Every time we lower output impedance by a noticeable amount sound quality takes a dramatic jump. Same with regulation. And while these may not sound tough to engineer, think again. Peak current demands of low power factor demand products like power amplifiers consume extraordinary amounts of peak current, often as much a 70 amps! No power conditioner or isolation transformer in the real world of home audio are capable of delivering anything close. This is because they are simple passive devices without any stored energy.

      The bigger the Power Plant we build, the greater its energy storage, the lower its output impedance, the greater its ability to fill in the gaps of peak energy demands by hungry power amps and even a few preamps.

      1. This brings up an idea for an ideal world. Perhaps you should consider an all DC audio system. Amplifer cuircuits all run on DC and SMPS have direct rectifier inputs, so a filtered DC input could deliver better sound quality than AC. It also has safety value – 50/60Hz is near the peak of the fibrillation potential curve.

        Most audio is still transformer input so the sine wave output is necessary today, but a separate DC output on a power filter device or a separate dedicated device for digital amplifiers makes sense. You have the DC internally so it is a logical but non-trivial extension of the circuitry.

        I also work in lighting where LEDs are causing lots of power and noise problems. LED bulbs all have internal power supplies to convert high Voltage AC to low Voltage DC. This gets really sticky when they have to accept phase control dimming. The results are typically almost no dimming until the bottom of the range and then shutting off, flickering and blinking; and an epidemic of premature bulb failures.

        There are also LED strip and stage lights which are dimmed by DC fed devices generating PWM at many Amperes from some kind of low voltage microprocessor control. All of this wreaks havoc with current waveforms and generates loads of EMI/RFI.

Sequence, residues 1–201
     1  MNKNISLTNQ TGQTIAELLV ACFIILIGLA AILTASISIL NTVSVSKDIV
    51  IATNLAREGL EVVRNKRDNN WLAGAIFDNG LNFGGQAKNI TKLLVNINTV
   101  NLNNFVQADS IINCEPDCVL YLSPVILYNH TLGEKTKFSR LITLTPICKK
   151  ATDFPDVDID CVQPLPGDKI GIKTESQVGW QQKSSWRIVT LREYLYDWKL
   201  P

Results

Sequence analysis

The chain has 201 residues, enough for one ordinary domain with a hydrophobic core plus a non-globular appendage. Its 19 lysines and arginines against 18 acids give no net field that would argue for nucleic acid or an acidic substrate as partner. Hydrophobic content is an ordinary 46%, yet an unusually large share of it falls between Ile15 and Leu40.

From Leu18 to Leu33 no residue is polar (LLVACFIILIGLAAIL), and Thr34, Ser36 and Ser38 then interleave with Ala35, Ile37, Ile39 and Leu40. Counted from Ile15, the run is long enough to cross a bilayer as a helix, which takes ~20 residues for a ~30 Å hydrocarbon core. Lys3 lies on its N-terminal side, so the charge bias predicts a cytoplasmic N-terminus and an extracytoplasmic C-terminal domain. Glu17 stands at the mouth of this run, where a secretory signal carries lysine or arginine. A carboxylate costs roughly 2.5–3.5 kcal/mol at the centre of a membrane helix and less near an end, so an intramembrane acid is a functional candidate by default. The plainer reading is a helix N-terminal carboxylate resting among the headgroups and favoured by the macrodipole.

Clean energy is also DC. My solar panels come off the roof at 480VDC, fuel cells and wind generators are DC, EVs are DC. Intermittent sources and portable use require battery storage so DC is the future.

      2. Paul,

        What happens to connected equipment when power to a P5 or P10 is disrupted, such as when the power company does regular maintenance and momentarily cuts the power? Is the connected equipment protected? Should a P10 be powered from a UPS; if so what guidance can you offer?

  2. Congratulations. Always good to launch a new product. Hopefully plenty of happy bunnies out there to buy it.
    It actually weighs more than my entire audio system, including speakers and stands, combined.

  3. Paul,

    In what way(s) is a P20 better than two P10’s? I understand that you formerly used at least two P10’s in Music Room 1. Have you replaced them with one P20?

  4. In the UK there does not seem to be the same interest in power conditioners, but we have a 240v AC supply which seems to have a better reputation for being clean than is the case in the US.